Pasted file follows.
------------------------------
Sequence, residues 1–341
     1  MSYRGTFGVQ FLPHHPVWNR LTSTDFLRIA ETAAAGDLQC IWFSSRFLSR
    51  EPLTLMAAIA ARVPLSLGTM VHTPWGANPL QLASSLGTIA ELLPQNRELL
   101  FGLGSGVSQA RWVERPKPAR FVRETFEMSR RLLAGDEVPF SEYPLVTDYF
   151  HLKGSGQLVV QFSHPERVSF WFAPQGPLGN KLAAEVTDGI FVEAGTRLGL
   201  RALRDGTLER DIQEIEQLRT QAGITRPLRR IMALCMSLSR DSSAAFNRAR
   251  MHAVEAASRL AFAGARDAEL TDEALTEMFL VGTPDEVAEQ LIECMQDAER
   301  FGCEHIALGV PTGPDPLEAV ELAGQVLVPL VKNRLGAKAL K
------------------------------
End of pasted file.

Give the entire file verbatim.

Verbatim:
Sequence, residues 1–341
     1  MSYRGTFGVQ FLPHHPVWNR LTSTDFLRIA ETAAAGDLQC IWFSSRFLSR
    51  EPLTLMAAIA ARVPLSLGTM VHTPWGANPL QLASSLGTIA ELLPQNRELL
   101  FGLGSGVSQA RWVERPKPAR FVRETFEMSR RLLAGDEVPF SEYPLVTDYF
   151  HLKGSGQLVV QFSHPERVSF WFAPQGPLGN KLAAEVTDGI FVEAGTRLGL
   201  RALRDGTLER DIQEIEQLRT QAGITRPLRR IMALCMSLSR DSSAAFNRAR
   251  MHAVEAASRL AFAGARDAEL TDEALTEMFL VGTPDEVAEQ LIECMQDAER
   301  FGCEHIALGV PTGPDPLEAV ELAGQVLVPL VKNRLGAKAL K